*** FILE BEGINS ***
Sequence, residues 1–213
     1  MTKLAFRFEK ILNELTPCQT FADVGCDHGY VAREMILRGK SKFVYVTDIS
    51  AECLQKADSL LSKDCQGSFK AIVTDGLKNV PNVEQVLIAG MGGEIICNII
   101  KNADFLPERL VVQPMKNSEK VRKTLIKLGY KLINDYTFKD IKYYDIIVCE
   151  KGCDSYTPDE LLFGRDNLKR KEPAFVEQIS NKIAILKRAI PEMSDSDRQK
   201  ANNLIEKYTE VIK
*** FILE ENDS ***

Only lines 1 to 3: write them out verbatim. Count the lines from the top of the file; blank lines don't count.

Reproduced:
Sequence, residues 1–213
     1  MTKLAFRFEK ILNELTPCQT FADVGCDHGY VAREMILRGK SKFVYVTDIS
    51  AECLQKADSL LSKDCQGSFK AIVTDGLKNV PNVEQVLIAG MGGEIICNII